If you haven’t already heard, the Federal Omnibus package passed. Officially named, “‘Consolidated and Further Continuing Appropriations Act, 2015 (xml version)” it funds the government. The good news for medical marijuana patients is that the money used to fund the government will not be used against us.
The texts related to medical marijuana and hemp are fairly clear:
Sec. 538. None of the funds made available in this Act to the Department of Justice may be used, with respect to the States of Alabama, Alaska, Arizona, California, Colorado, Connecticut, Delaware, District of Columbia, Florida, Hawaii, Illinois, Iowa, Kentucky, Maine, Maryland, Massachusetts, Michigan, Minnesota, Mississippi, Missouri, Montana, Nevada, New Hampshire, New Jersey, New Mexico, Oregon, Rhode Island, South Carolina, Tennessee, Utah, Vermont, Washington, and Wisconsin, to prevent such States from implementing their own State laws that authorize the use, distribution, possession, or cultivation of medical marijuana.
The DEA are under the DOJ in case you were wondering. Who will have the pleasure of updating their Wikipedia page?
Sec. 539. None of the funds made available by this Act may be used in contravention of section 7606 (“Legitimacy of Industrial Hemp Research”) of the Agricultural Act of 2014 (Public Law 113–79) by the Department of Justice or the Drug Enforcement Administration.
But it doesn’t mean you won’t go to jail for even a gram over the limits imposed within the states. Just to be sure the prison system has money, the following was added:
“The Federal Prison Industries, Incorporated, is hereby authorized to make such expenditures within the limits of funds and borrowing authority available, and in accord with the law, and to make such contracts and commitments without regard to fiscal year limitations as provided by section 9104 of title 31, United States Code, as may be necessary in carrying out the program set forth in the budget for the current fiscal year for such corporation.”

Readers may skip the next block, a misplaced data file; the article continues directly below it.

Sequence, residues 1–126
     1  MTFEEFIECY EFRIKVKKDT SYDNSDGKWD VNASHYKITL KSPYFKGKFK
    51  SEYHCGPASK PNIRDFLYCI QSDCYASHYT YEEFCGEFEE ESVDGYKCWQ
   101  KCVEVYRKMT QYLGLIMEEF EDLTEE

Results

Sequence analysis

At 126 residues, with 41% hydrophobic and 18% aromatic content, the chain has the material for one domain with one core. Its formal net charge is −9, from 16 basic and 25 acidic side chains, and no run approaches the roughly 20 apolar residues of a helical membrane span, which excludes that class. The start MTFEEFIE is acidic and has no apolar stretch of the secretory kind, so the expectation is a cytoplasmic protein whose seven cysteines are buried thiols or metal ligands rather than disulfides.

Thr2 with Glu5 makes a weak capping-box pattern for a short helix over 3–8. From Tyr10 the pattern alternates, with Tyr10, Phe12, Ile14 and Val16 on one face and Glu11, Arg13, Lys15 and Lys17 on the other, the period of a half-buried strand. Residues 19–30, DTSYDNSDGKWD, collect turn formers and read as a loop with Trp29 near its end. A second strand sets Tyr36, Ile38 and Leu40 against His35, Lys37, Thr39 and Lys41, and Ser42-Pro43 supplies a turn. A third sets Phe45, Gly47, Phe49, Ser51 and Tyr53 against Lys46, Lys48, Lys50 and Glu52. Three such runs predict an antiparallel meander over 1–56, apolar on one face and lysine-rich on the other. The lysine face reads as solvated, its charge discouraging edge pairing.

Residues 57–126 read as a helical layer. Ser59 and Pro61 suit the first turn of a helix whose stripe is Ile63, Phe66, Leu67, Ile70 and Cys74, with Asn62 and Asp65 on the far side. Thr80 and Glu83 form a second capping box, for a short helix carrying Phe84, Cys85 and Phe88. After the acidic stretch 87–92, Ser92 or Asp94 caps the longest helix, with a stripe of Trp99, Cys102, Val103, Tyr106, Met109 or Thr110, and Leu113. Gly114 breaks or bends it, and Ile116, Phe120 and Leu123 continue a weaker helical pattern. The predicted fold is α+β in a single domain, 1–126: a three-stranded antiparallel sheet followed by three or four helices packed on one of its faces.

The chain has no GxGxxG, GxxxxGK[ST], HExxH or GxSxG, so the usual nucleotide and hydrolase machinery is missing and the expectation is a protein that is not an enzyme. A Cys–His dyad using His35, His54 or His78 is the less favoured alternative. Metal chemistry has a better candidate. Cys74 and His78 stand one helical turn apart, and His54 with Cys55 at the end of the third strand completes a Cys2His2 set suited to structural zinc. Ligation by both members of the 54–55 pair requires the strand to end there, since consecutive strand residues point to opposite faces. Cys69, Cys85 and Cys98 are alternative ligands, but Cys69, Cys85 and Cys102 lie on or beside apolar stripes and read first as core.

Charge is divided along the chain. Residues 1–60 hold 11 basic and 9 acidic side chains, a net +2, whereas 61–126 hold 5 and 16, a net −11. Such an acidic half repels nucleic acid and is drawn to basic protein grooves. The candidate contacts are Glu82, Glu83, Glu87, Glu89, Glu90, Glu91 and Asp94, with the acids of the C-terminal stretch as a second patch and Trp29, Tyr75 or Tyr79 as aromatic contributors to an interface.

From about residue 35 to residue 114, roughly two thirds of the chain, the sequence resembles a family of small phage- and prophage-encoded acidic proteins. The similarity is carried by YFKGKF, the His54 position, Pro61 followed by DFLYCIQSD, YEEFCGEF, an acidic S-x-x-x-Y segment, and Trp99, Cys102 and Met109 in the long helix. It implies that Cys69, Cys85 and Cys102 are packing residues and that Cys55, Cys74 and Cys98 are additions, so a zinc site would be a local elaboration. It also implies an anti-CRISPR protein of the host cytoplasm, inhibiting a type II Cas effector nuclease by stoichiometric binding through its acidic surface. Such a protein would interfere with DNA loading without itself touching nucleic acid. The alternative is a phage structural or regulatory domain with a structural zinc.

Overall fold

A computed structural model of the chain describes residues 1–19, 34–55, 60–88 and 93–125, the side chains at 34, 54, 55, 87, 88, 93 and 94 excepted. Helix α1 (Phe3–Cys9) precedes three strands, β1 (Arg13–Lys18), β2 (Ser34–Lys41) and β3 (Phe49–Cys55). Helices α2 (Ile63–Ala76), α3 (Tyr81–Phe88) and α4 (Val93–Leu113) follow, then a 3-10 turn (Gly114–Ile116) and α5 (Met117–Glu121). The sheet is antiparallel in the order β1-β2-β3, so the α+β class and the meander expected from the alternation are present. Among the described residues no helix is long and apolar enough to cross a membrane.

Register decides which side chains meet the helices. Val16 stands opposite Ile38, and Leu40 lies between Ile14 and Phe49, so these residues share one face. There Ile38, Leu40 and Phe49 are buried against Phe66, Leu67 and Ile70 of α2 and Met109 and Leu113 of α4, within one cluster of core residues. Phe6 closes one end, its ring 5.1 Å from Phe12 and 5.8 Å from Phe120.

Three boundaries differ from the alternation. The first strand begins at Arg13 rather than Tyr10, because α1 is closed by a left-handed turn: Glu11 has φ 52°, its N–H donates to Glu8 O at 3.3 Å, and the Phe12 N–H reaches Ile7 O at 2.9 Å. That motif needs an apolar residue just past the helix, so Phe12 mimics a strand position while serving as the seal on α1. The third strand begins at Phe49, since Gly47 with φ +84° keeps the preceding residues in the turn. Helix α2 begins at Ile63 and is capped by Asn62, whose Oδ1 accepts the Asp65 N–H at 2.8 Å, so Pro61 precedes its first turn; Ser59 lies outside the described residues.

The new law also states:
Sec. 509. (a) None of the funds made available in this Act may be used for any activity that promotes the legalization of any drug or other substance included in schedule I of the schedules of controlled substances established under section 202 of the Controlled Substances Act except for normal and recognized executive-congressional communications.
(b) The limitation in subsection (a) shall not apply when there is significant medical evidence of a therapeutic advantage to the use of such drug or other substance or that federally sponsored clinical trials are being conducted to determine therapeutic advantage.
Does this mean we may soon see federal government agencies supporting medical marijuana patients?
Veterans with PTSD, for example, may want to ask their VHA contacts about Title 2, specifically this paragraph:
“…notwithstanding any other provision of law, the Secretary of Veterans Affairs shall establish a priority for the provision of medical treatment for veterans who have service-connected disabilities, lower income, or have special needs: Provided further, That notwithstanding any other provision of law, the Secretary of Veterans Affairs shall give priority funding for the provision of basic medical benefits to veterans in enrollment priority groups 1 through 6: Provided further, That notwithstanding any other provision of law, the Secretary of Veterans Affairs may authorize the dispensing of prescription drugs from Veterans Health Administration facilities to enrolled veterans with privately written prescriptions based on requirements established by the Secretary: Provided further, That the implementation of the program described in the previous proviso shall incur no additional cost to the Department of Veterans Affairs.”
and this section in Title 8:
“Provided, That funds available for operation and maintenance shall be available for providing humanitarian and similar assistance by using Civic Action Teams in the Trust Territories of the Pacific Islands and freely associated states of Micronesia, pursuant to the Compact of Free Association as authorized by Public Law 99–239: Provided further, That upon a determination by the Secretary of the Army that such action is beneficial for graduate medical education programs conducted at Army medical facilities located in Hawaii, the Secretary of the Army may authorize the provision of medical services at such facilities and transportation to such facilities, on a nonreimbursable basis, for civilian patients from American Samoa, the Commonwealth of the Northern Mariana Islands, the Marshall Islands, the Federated States of Micronesia, Palau, and Guam.”
“So as it stands right now, the State of Hawaii eg; your Representatives, Senators, Governor or anyone else in state government can further amend laws to help patients obtain medicine.” -HawaiiCannabis.org
The right thing to do and the very best thing to do for patients would be to legalize cannabis. That’s what Americans want. The war on drugs harms patients. For anyone engaged in efforts to help support patients, this is a clear win. There will be backlash and loopholes.
I celebrated by editing the DEAs Wikipedia page to include:
“On December 13th, the Consolidated and Further Continuing Appropriations Act, 2015 was passed. This Act states in part that the Department of Justice and the Drug Enforcement Agency cannot use Federal funds to prevent such States from implementing their own State laws that authorize the use, distribution, possession, or cultivation of medical marijuana. “